Let Nature’s commoners enjoy
The common gifts of Heaven.
Today, the RSPCA in Britain is fighting hard to keep all their animals from harm. In Europe, The Whale and Dolphin Conservation is trying to save the whales and dolphins from extinction by any means necessary, and across the globe, PETA is causing yet another stir to keep animal welfare prominent in the minds of the world.
This is barely the tip of an enormous iceberg of examples of animal welfare and protection groups currently active. They are a dime a dozen, often founded in America, and some of these organizations make millions every year for the sole purpose of protecting animals. They are titans in the battle for animal protection and they will fight for anything from a bison to an elephant to the smallest of hummingbirds.
But one of the first recorded moments of animal activism was not for anything as majestic as the elephant or as sweet as a bee, but rather a critter we consider today a pest; the mouse.
In 1773, Anna Laetitia Barbauld, a popular poet of her time, walked into her friend’s workspace at the science department of the University and spotted a small caged-rodent that sat ready for the next day’s experiment. It was to be suffocated in the morning. Her friend was studying the effects of different airs on living things, specifically carbonic acid.
The following morning, when her friend walked in to get started on his experiments, he found a small note pinned to the mouse’s cage.
It was a poem, a petition from the mouse not to be killed, and it would fire up a heated debate across Europe on the worth of an animal's life. It started as such.
Oh, hear a pensive captive’s prayer,
For liberty that sighs,
And never let thine heart be shut
Against the prisoner’s cries!
For here forlorn and sad I sit,
Within the wiry grate,
And tremble at the approaching morn
Which brings impending fate.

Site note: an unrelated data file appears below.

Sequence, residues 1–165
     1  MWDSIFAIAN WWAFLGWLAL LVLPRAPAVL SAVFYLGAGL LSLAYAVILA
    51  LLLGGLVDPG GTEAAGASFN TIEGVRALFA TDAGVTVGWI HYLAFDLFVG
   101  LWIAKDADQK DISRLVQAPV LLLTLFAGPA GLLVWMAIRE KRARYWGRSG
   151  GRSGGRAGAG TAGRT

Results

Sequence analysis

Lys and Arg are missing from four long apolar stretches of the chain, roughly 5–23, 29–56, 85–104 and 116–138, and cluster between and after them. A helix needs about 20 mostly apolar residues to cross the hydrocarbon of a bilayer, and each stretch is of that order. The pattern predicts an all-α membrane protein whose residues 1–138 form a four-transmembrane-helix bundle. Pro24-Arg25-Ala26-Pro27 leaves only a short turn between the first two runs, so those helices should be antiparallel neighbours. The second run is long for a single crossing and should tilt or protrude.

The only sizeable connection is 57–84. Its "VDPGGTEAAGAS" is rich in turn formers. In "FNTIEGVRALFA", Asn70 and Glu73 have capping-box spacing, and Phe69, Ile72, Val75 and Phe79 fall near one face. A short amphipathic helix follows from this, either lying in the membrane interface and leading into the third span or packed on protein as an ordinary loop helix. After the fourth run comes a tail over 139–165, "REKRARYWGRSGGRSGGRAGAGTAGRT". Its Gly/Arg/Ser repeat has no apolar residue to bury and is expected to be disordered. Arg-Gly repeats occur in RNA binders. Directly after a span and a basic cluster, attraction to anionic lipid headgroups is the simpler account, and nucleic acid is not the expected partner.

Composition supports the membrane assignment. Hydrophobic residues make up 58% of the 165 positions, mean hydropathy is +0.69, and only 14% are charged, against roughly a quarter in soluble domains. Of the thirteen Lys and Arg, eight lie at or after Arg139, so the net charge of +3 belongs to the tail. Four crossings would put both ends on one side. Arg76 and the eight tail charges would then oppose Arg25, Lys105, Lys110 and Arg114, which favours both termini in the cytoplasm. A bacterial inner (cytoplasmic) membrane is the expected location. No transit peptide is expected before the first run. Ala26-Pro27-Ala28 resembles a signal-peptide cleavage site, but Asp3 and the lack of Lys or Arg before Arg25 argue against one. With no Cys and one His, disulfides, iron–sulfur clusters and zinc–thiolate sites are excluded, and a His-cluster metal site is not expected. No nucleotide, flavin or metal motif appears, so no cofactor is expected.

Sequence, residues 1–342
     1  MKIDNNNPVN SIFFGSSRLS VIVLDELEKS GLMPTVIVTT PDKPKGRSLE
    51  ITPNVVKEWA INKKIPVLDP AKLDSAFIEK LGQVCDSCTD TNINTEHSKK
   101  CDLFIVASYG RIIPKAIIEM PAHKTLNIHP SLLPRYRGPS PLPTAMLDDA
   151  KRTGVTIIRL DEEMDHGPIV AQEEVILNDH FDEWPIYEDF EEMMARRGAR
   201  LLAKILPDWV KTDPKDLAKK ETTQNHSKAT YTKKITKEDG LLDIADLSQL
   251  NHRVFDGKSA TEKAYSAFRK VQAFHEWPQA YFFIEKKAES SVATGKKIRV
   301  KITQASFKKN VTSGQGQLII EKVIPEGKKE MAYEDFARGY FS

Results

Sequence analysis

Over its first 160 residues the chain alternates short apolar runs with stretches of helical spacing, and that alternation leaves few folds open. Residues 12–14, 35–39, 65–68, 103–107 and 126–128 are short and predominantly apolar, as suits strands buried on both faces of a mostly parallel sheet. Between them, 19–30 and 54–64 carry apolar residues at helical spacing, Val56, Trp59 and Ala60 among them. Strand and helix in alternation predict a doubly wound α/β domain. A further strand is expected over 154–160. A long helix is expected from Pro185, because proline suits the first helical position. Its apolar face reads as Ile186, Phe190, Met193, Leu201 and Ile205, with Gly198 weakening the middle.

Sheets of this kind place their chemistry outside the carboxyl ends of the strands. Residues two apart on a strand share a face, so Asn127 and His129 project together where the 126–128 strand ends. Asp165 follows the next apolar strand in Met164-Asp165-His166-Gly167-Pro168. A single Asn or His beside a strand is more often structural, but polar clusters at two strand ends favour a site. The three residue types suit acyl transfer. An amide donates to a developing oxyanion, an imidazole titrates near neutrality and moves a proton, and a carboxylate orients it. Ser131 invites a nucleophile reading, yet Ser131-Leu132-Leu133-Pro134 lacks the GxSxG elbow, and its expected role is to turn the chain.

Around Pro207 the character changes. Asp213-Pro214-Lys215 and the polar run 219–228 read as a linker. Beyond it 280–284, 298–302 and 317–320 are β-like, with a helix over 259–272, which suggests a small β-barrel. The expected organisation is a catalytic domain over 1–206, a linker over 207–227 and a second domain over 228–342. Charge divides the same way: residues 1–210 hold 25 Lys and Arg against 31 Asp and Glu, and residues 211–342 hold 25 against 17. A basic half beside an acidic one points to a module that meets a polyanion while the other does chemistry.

It would be published by Barbauld, who was already a very talented author and hailed as one of the best in her time. But many would consider this to be her Magnum Opus, and for good reason. As this above second stanza shows, she specifically tried to put the reader in the shoes of the terrified mouse. The Mouse’s Petition seemed to be the first recorded incident of a human trying to see cruelty through the eyes of an animal, and it stirred something wonderful in everyone who read it, empathy.
Oh, do not stain with guiltless blood
Thy hospitable hearth,
Nor triumph that thy wiles betrayed
A prize so little worth.
The goal of the poem was to push forward the ongoing debate that animals can feel as much as humans can. It further attacks the human ambition for scientific progress, and it reminds them of the ethical costs involved when leaving benevolence and understanding at the door. And the knowledge that what might be gained through these experiments, could still be a ‘prize of so little worth’.
Animal experimentation goes as far back as the Greeks, but it has only been well documented since the 19th century.
It stirred a wonderful sense of understanding in readers that animals experience pain, fear and dread as easily as humans. The poem managed to touch the hearts of the coldest of scientists and challenged the minds of all intellectuals.
The well-taught philosophic mind
To all compassion gives;
Casts round the world an equal eye,
And feels for all that lives.
Specifically, to address how all of these intelligent, sophisticated and learned men should be seeing the world. Also, in turn, to spotlight that their learning should give them the wisdom to understand that animals are not something to be trod on, but cherished - even something as tiny as a worm.
Beware, lest in the worm you crush,
A brother’s soul you find;
And tremble lest thy luckless hand
Dislodge a kindred mind.
So when unseen destruction lurks,
Which mice like men may share,
May some kind angel clear thy path,
And break the hidden snare.
And lastly, to remind all who put animals through such tortures, that they should remember that one day they might find themselves in a similar situation. But the mouse instead of finding glee in this thought hopes that an angel will come and free them before they die. The old saying ‘do unto others as you would have them do unto you’ is quite heavily implied.
So although today we fight for those near-extinct exotic beauties, or the colourful macaws of the rainforest, or even our dearest dog-best-friend we pull out from ditches. Long ago, our eyes were turned to the mouse and through those black-pearl eyes, we finally managed to see the world a little clearer.